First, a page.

You’ve heard the saying… What do you do when life hands you a pile of lemons? Make lemonade.
That’s exactly what Billy Rotne, Rod Mergardt and I did when fishing in FL last week. In 4 days of fishing (hard), in perfect weather, we managed just three Redfish, two small Tarpon (in the 20 Lb range) and a handful of other “non-targeted” fish (shark, sea trout, catfish etc.). The lone highlight of the trip was a double hook-up by Rod and I with a 17.5 Lb. and 33 Lb. Redfish across from T.O.’s bar on Mosquito Lagoon. Rod also had a close encounter of the 4th kind with a baby manatee that was approximately 60 pounds.
Rod’s 17 lb Redfish also had an attached tag that revealed it’s growth and migration over the past several years. A very interesting report is attached.
Many thanks to Captain Billy who once again “worked his ass off” to create the best experience for us and Rod being Rod, we still had a great time being on the water in the beautiful FL sunshine.
The sad news is that it’s very apparent that Mosquito Lagoon has finally degraded to the same levels of the adjacent Indian River and Banana River Lagoons, where the majority of the sea grass has died and the lagoon bottom resembles an aquatic wasteland. The ratio of sea grass to sand used to be about 70% – 30% (dominantly grass) to now maybe 30% – 70% (dominantly sand).
If there isn’t some positive environmental relief this year (hurricane, no algae bloom, really dry weather, closing the lagoon etc.), we may be at the tipping point of no return where the future recruitment classes of juvenile fish may not be able to survive in numbers sufficient enough to repopulate the estuary.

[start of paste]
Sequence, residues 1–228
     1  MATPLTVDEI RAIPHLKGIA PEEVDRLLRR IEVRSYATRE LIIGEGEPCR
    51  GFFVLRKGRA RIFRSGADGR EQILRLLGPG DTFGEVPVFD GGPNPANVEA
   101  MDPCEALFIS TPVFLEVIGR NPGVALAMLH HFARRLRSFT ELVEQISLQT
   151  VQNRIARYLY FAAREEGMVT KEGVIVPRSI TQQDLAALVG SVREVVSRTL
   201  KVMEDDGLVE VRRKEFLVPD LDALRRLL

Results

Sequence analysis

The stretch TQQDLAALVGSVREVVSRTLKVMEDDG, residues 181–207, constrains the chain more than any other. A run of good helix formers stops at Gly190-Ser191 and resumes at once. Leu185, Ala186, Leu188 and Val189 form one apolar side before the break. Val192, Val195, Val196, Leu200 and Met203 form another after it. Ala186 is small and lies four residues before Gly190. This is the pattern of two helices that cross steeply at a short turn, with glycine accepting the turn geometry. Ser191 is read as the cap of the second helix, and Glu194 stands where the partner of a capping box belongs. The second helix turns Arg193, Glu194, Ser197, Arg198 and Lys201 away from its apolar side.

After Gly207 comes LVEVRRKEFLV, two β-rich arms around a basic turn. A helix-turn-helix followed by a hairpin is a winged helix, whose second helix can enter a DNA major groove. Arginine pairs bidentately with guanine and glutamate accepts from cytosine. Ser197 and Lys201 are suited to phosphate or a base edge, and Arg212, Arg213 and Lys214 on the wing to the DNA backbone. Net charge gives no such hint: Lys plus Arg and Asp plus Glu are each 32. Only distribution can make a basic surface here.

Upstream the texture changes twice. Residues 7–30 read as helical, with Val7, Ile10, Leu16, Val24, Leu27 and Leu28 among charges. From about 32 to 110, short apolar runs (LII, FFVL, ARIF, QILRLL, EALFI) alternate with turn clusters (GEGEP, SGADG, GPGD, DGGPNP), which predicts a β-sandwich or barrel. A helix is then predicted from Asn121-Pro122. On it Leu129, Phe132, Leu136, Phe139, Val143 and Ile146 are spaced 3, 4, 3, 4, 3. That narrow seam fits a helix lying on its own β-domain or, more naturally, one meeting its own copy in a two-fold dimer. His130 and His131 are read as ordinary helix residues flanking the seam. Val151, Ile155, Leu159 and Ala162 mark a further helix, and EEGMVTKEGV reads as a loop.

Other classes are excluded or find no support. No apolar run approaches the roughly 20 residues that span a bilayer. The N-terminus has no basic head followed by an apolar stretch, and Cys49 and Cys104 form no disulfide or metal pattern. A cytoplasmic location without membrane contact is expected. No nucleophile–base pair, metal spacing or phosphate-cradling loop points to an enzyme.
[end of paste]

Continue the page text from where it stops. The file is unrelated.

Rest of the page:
A very depressing situation that has happened in the “blink of an eye” time horizon of just over the past 5 years.
There obviously will still be occasional good days to fish in this region of FL (at specific times of the year) but the odds of having a string of productive days in a row has reached the point where the experience can be more frustrating and depressing than it’s worth. According to my fishing logs, I have decreased the number of days on the water in FL in each of the past 3 years and shifted more days on the water to LA where the habitat is still healthy and the fish plentiful.
Another advantage of fishing for big redfish in LA vs. FL is that in FL the fishing guides “HAMMER the shit” out of the fish and they are highly educated to be wary of the local invasive species – two legged predators (aka humans). Also, In LA the average Redfish probably has the relative IQ of the resident human population and are much easier to catch – especially on a fly. 😊
Attached are several great pictures of our trip. More to follow as we enter the summer field campaign here in MT.